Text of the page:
More on Planet of the Apes

At work I found this card from a company called Borealis. I’m the card buyer, meaning, I get to choose what cards we sell, and our cards happen to be in the top 5 of our best-selling products. I care about that because the store is one of two locations, a real mom and pop organization, and the owners are good people who care about this planet and the living beings in it. Many customers come to our store just for the cards, because they’re unique. Most of the cards I choose have pictures of animals on them, or inspirational quotes.

So I took a picture of this card and sent it to my sister:


It seems like a sweet card, with a sweet message. Who doesn’t love a baby animal?

But it turns out that chimpanzees get taken from their mothers to be pets, or to work in the entertainment industry. No chimp mother would allow this picture to be taken, because she wouldn’t allow humans to take her baby away. So that means this baby was forced from her mother for this picture, so we could look at it and say, Oh, how adorable. When the chimp becomes five or six years old, they become too much for people to handle, so people will abuse them into submission, or else dump them at a roadside zoo, euthanize them, or, if they’re lucky, they end up in a sanctuary.

The only reason I know this is because my sister worked for years at a chimpanzee sanctuary that housed chimps who’d been in the entertainment industry, who were sent or rescued to live at the sanctuary because people had no use for them anymore. These particular chimps lived an unnatural life without their families, and were often abused, used for humans’ entertainment in movies. So when you see a chimp in a movie and think that’s cute, it’s actually really not that cute or sweet at all. This card is the same way. People profit from this, and consumers don’t even realize it. It seems benign enough.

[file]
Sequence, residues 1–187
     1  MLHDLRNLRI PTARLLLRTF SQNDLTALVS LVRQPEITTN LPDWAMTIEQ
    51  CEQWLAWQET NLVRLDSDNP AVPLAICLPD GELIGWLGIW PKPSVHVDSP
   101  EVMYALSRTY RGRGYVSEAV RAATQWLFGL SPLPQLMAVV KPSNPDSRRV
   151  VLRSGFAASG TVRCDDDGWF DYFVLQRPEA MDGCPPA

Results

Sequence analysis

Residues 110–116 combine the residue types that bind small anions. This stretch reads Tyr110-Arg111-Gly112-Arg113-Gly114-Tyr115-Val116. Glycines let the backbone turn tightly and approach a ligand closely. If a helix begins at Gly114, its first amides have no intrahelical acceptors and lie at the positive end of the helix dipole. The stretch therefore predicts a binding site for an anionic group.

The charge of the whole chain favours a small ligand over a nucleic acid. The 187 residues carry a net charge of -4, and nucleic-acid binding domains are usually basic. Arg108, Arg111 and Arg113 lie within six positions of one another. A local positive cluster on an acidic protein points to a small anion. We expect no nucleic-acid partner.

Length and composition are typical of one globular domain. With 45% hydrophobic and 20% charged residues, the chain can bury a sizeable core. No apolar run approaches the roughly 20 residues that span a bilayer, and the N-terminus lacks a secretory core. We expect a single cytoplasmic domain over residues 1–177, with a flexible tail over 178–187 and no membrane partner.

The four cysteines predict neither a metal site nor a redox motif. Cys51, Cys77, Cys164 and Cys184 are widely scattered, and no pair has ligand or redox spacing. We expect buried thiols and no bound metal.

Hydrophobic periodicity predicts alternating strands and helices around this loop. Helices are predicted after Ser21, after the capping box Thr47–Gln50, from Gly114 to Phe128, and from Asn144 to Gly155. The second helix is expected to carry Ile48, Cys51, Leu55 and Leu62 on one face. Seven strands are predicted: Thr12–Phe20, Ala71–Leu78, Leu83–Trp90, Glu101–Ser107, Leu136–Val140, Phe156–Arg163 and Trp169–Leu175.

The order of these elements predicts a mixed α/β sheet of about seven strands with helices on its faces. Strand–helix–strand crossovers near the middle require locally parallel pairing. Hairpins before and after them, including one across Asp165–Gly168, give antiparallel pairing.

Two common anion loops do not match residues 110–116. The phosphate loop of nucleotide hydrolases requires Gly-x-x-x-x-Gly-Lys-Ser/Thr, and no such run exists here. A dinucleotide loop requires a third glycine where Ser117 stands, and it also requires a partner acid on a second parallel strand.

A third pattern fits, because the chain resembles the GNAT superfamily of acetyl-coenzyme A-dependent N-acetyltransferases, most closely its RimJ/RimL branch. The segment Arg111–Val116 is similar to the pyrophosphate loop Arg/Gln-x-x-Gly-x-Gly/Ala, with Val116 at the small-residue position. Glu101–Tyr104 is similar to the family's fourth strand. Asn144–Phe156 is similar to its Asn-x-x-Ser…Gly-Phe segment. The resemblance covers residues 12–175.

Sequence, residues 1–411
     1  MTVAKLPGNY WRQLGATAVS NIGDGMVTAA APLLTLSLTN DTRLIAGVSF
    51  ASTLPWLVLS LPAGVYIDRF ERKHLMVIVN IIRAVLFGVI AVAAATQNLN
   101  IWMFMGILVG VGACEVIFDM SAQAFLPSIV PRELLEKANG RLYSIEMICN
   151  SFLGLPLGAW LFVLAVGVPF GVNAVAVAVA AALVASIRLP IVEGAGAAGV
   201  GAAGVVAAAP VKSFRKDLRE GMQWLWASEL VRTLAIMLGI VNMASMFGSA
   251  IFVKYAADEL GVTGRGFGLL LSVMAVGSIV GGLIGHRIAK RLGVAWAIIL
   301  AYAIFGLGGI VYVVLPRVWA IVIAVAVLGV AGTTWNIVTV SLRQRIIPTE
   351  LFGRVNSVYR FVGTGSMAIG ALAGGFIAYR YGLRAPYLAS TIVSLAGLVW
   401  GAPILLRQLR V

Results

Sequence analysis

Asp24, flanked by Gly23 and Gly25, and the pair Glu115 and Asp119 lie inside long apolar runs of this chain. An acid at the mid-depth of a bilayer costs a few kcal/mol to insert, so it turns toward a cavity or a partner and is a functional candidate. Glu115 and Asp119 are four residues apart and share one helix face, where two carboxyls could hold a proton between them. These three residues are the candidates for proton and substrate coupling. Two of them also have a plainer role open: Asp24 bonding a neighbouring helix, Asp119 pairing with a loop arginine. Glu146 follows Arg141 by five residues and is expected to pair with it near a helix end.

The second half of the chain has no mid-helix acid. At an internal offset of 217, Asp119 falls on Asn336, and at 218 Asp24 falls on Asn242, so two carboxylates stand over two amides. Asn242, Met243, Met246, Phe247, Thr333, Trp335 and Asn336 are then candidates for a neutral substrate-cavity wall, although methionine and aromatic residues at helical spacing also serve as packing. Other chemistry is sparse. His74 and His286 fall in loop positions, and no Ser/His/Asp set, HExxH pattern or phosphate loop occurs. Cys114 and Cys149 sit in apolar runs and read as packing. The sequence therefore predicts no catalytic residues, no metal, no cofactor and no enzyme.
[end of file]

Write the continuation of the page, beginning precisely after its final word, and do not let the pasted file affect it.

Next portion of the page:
I like what Planet of the Apes does, in that it reverses the roles of humans and chimps so that we can get a better idea of the chimp’s perspective. Here’s a clip from the original movie:

We cannot communicate in the same language with other species. We try to interpret what they do, but we can’t really know. We can guess but we can’t know what they’re saying to each other because we’re not them, we’re not in their heads. I’m pretty sure when a dog wags his tail, he’s happy. But what about the gray areas? One time, I was at a pool party where some people thought it was funny to watch their dog get thrown in the pool and swim frantically back to the steps. I thought that the dog was scared, because I for one would not like getting thrown into a pool. Maybe someone else thinks it’s fun, and they love getting thrown in the water. How can you know for sure?

This baby chimp may love this puppy, but what else is going on?

Animals have emotions, that much I know. When I was little, when I was sad I would cry outside in the side yard, by the carport, and my cat would always come up to me and rub his head on my knees. Maybe he just wanted to be petted, but it sure seemed like he knew I was sad, and he was offering his love. It certainly made me feel better.

This post was not meant to be a downer, to make anyone feel guilty for enjoying a sweet photo of a baby chimp and a puppy. But it’s just to open your eyes and see that those cute chimps you see in the movies aren’t necessarily happy chimps who live extraordinary lives of leisure, but are rather more like property used and abused for human entertainment and ultimately for profit.

Though I’d love to pretend I don’t know about this, and continue going on my way saying positive affirmations and what-not, the truth is that this happens. While I’m probably not going to march in the streets, there are a few easy things I can do, and you can do too: